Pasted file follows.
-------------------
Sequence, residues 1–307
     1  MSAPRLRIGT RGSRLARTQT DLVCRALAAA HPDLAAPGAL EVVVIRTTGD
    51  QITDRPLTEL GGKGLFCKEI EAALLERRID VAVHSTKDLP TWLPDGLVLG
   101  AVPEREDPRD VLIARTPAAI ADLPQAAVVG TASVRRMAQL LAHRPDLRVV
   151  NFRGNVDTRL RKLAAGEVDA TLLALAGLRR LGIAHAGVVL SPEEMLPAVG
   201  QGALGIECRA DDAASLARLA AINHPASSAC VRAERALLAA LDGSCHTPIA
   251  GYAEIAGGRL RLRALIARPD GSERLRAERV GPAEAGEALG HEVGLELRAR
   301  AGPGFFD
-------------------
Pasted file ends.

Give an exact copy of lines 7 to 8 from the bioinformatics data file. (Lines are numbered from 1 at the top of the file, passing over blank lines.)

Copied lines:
   251  GYAEIAGGRL RLRALIARPD GSERLRAERV GPAEAGEALG HEVGLELRAR
   301  AGPGFFD